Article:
6. 6 cafesportyTC Nov 16th, 2011 at 11:19 am

    very cool, very cool. was born too late in my opinion! those Split window VW beetles are worth a fortune these days…. sheesh. the Brough Superior was the most stylish out of the bunch in my humble opinion!

  7. 7 Manhattan Choppers Nov 16th, 2011 at 1:26 pm

    How cool is his Dad in that suit having tea by the plane! Pour me a spot ol chum..Now where did I put me damn crumpets…

  8. 8 fuji Nov 16th, 2011 at 1:29 pm

    How nice, No attitudes.

    Started riding a year after this photo was taken.

    How times have changed . No billet and surplus flashy bolt on’s just you and the bike.

    These were not the good ole days today is. Being able to talk about it simultaneously.

    It was much more pleasant back then, simpler. JC Whitney catalogs. LOL

    Nice memories but I wouldn’t go back.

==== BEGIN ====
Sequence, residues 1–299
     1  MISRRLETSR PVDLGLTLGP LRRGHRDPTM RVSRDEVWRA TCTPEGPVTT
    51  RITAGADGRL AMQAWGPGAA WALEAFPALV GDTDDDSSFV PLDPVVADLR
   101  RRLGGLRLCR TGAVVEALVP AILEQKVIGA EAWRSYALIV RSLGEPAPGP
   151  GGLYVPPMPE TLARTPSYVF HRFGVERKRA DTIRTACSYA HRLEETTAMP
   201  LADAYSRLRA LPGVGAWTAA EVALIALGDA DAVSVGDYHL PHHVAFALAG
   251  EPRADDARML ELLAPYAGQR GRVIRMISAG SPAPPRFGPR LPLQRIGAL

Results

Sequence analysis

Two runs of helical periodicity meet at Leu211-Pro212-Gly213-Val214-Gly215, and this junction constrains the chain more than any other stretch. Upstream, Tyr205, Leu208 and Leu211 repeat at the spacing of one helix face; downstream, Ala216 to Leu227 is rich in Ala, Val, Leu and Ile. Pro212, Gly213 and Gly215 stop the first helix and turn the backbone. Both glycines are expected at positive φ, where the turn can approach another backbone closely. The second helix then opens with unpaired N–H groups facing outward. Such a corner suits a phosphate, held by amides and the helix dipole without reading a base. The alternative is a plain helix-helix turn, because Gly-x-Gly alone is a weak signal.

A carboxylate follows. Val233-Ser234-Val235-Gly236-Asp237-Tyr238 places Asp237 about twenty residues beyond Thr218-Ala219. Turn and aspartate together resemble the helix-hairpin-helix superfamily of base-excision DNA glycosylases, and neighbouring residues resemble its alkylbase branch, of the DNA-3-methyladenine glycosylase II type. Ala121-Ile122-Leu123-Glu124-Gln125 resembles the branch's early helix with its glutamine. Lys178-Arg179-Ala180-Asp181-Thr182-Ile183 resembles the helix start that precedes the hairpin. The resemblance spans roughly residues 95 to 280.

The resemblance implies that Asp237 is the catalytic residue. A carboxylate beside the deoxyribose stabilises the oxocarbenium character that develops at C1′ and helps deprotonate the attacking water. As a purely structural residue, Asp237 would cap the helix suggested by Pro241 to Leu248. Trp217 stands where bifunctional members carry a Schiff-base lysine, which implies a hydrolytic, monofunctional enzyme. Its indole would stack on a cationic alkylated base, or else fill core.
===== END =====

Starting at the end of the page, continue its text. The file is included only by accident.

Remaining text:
9. 9 Matthew Olsen Nov 16th, 2011 at 3:19 pm

    Thanks for posting. What a great collection of photos

  10. 10 Sportster Mike Nov 17th, 2011 at 2:51 am

    Great pics and bikes
    I remember seeing the planes at Hurn Airport on the south coast of England – being the poshest and quickest way to get over the channel at that time.
    Did I see that Brough and sidecar at the bike night on Poole Quay this year?

  11. 11 Leif Nov 17th, 2011 at 6:12 am

    Tour Europe on a Brough sidecar? Where do I sign up? What a trip!

  12. 12 Fausto Nov 17th, 2011 at 6:33 am

    Great pics, cool bikes.

    I consider yesterday and the day before that as the “good ole days“!

  13. 13 BlueStrada Nov 17th, 2011 at 8:10 am

    What a fantastic Tour… It would be fun to retrace the route taken….. but maybe on bikes that are just a couple of years newer… Easily done on mid-70’s Bimmers, Nortons and Triumphs…

    Thanks for sharing…

  14. 14 Greg Davis Nov 17th, 2011 at 8:15 am

    sign me up

  15. 15 Joe Nov 21st, 2011 at 9:10 am

    Awesome story, Cyril!

  16. 16 Brett Nov 22nd, 2011 at 7:48 am

    Thanks for the beautiful images. Always top quality stories in your site.l

  17. 17 Derrick Nov 23rd, 2011 at 6:03 pm

    I have been examinating out a few of your stories and i can state pretty good stuff. I will definitely bookmark your blog.